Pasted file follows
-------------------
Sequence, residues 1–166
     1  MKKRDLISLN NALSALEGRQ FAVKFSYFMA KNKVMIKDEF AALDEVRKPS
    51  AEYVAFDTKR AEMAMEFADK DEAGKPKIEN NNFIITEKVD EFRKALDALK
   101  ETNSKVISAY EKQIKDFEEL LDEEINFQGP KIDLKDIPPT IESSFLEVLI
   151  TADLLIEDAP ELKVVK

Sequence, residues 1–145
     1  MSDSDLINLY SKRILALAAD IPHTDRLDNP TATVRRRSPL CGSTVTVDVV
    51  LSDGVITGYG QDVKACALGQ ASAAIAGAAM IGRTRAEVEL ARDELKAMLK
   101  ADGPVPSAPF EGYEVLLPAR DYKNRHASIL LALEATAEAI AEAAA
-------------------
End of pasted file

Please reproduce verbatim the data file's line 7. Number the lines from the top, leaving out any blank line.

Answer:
     1  MSDSDLINLY SKRILALAAD IPHTDRLDNP TATVRRRSPL CGSTVTVDVV